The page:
Setting up a signature file (or block of text) to appear automatically at the end of every email that you or your employees send may sound like a no-brainer. But many small-business owners overlook the feature’s inherent marketing opportunities: You can use these “sig files” support your sales and other objectives, particularly when communicating via email with existing or potential customers. Here’s how to optimize your email signature.
Every email signature file should have these standard bits of information:
- Name, company name, and job title/position
- Phone number (direct line and/or mobile)
- Website and blog address (include these as clickable links)
Beyond the essentials, consider making these additions to your sig file:
- Twitter and Facebook links (plus a brief follow/like us message)
- A sales pitch or special offer, such as a link to a new product
- An invitation to receive your newsletter
- A link to a webinar or event
You likely put customer testimonials in your marketing materials, too, so why not include one as part of your email signature? Consider adding a line like, “Bob’s Hardware is the best source for power tools I’ve found anywhere in the city!” —John Smith, loyal customer
If Twitter is part of your marketing arsenal, think about including your most recent or most popular tweet (with facts such as “85 retweets so far” or mentions and responses). This adds credibility to your Twitter presence and may encourage more followers.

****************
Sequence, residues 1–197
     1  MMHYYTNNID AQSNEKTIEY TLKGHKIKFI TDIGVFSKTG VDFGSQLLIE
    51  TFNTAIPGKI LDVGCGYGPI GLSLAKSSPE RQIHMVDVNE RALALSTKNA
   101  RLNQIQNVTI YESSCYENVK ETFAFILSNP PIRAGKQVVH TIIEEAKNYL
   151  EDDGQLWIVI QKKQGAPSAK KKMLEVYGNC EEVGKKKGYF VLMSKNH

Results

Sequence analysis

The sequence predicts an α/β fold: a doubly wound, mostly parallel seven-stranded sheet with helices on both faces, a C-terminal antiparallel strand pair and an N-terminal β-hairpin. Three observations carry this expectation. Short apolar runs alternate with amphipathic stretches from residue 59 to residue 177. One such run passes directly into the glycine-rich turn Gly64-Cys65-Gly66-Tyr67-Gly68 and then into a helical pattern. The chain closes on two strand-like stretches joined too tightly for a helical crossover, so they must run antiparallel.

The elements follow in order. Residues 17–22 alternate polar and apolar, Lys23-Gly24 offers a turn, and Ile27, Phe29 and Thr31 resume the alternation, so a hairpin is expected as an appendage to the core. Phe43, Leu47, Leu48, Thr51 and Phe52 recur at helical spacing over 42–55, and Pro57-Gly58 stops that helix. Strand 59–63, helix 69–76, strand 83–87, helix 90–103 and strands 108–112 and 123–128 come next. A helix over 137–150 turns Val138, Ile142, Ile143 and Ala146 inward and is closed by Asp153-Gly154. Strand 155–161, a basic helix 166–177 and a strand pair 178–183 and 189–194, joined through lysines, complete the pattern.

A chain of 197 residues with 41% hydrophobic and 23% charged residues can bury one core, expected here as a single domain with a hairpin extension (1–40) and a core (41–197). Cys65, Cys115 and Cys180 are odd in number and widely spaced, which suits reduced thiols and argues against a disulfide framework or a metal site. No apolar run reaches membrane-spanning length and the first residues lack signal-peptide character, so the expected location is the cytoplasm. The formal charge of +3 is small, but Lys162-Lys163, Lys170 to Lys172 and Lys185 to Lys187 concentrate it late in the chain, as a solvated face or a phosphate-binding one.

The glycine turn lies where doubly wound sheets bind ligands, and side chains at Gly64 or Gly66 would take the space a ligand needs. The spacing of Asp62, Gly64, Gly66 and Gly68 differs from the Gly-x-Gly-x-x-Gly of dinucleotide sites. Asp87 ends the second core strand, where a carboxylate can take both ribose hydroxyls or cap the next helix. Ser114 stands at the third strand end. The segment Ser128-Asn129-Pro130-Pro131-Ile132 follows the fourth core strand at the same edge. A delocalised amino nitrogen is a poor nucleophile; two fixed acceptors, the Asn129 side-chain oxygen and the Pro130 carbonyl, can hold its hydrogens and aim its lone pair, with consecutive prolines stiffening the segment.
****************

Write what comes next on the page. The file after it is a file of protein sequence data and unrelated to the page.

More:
What about adding a useful tip to customers and prospects? Come up with a short solution to a common problem (no more than one sentence), offered free of charge to all of your email recipients.
You know your customers the best, so use your email signature to offer them a little something extra every time you communicate via email.
Common Faux Pas
Some people get carried away “accessorizing” their email signatures. Avoid images (such as photos of yourself or your product); many email systems automatically strip these away, anyway or turn them into oddball attachments. Resist creative impulses to use various colors and fonts; these will likely become illegible nonsense on someone else’s laptop or smartphone. Shun HTML formatting, too, because it appears inconsistently across different operating systems and software platforms.
How many emails do you receive that are signed, “Sent from my iPhone (or iPad)”? This is a wasted opportunity and won’t do anything to grow your business. It’s easy to change this text — and well worth the effort.
The Bottom Line
You don’t need to incorporate all of the elements suggested here. Pick the two or three that seem to be the most appropriate for your business — and change them up from time to time. Always keep your additions as brief as possible.
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